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Chapter 3. Directory Services

A directory service manages information about users and resources, such as printers and servers. It can manage this information for anything from a single machine to an entire corporate network. The Directory Service architecture in Mac OS X is called Open Directory. Open Directory encompasses flat files (such as /etc/hosts), NetInfo (the legacy directory service brought over from earlier versions of Mac OS X and NeXTSTEP), LDAPv3, and other services through third-party plug-ins.

This chapter describes how to perform common configuration tasks, such as adding a user or host on Mac OS X with the default configuration. If your system administrator has configured your Macintosh to consult an external directory server, some of these instructions may not work. If that's the case, you should ask your system administrator to make these kinds of changes anyhow!

3.1. Understanding Directory Services

In Mac OS X 10.1.x and earlier, the system was configured to consult the NetInfo database for all directory information. If you needed to do something simple, such as adding a host, you couldn't just add it to /etc/hosts and be done with it. Instead, you had to use the NetInfo Manager (or NetInfo's command-line utilities) to add the host.

However, in Mac OS X 10.2 (Jaguar), NetInfo functions more as a legacy protocol. Instead of being a major player in the directory services world, NetInfo's role has been reduced to that of the local directory database for machines that are not participating in a network-wide directory, such as Active Directory or OpenLDAP. NetInfo is still present on Mac OS X systems, but you can perform most configuration tasks by editing the standard Unix flat files. By default, Mac OS X 10.2 is configured to consult the local directory (also known as the NetInfo database) for authentication, which corresponds to /etc/passwd [6] and /etc/group on other Unix systems. You can override this setting with the Directory Access application. For more information, see Section 3.3, later in this chapter.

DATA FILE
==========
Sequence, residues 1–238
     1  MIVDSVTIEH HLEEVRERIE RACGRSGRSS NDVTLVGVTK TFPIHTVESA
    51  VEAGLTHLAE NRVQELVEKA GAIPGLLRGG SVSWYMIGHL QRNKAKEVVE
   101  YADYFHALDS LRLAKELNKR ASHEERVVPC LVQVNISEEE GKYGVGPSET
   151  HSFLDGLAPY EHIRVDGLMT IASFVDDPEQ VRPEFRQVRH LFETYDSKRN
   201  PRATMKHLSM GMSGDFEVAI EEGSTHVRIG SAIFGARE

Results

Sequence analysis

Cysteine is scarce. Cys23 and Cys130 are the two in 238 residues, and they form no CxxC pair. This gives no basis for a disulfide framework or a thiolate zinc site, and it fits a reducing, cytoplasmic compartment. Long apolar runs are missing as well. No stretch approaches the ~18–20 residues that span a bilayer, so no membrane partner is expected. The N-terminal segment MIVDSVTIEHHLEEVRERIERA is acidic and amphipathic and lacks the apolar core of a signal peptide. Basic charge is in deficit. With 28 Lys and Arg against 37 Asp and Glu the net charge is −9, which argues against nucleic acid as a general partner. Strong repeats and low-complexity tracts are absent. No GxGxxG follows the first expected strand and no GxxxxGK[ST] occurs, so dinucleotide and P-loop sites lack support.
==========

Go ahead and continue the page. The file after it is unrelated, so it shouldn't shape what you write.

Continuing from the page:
[6]/etc/master.passwd is the shadow password file that actually contains the encrypted passwords.

For users whose network configuration consists of an IP address, a default gateway, and some DNS addresses, this default configuration should be fine. You'll need to tap into Open Directory's features for more advanced configurations, such as determining how a user can log into a workstation and find their home directory, even when that directory is hosted on a shared server.

In order to work with Mac OS X's Directory Services, you must first understand the overall architecture, which is known as Open Directory. Directory Services is the part of Mac OS X (and the open source Darwin operating system) that implements this architecture. Figure 3-1 shows the relationship of Directory Services to the rest of the operating system. On the top, server processes, as well as the user's desktop and applications, act as clients to Directory Services, which delegates requests to a directory service plug-in (see Section 3.3, later in this chapter, for a description of each plug-in).

Figure 3-1

Figure 3-1. The Directory Services architecture

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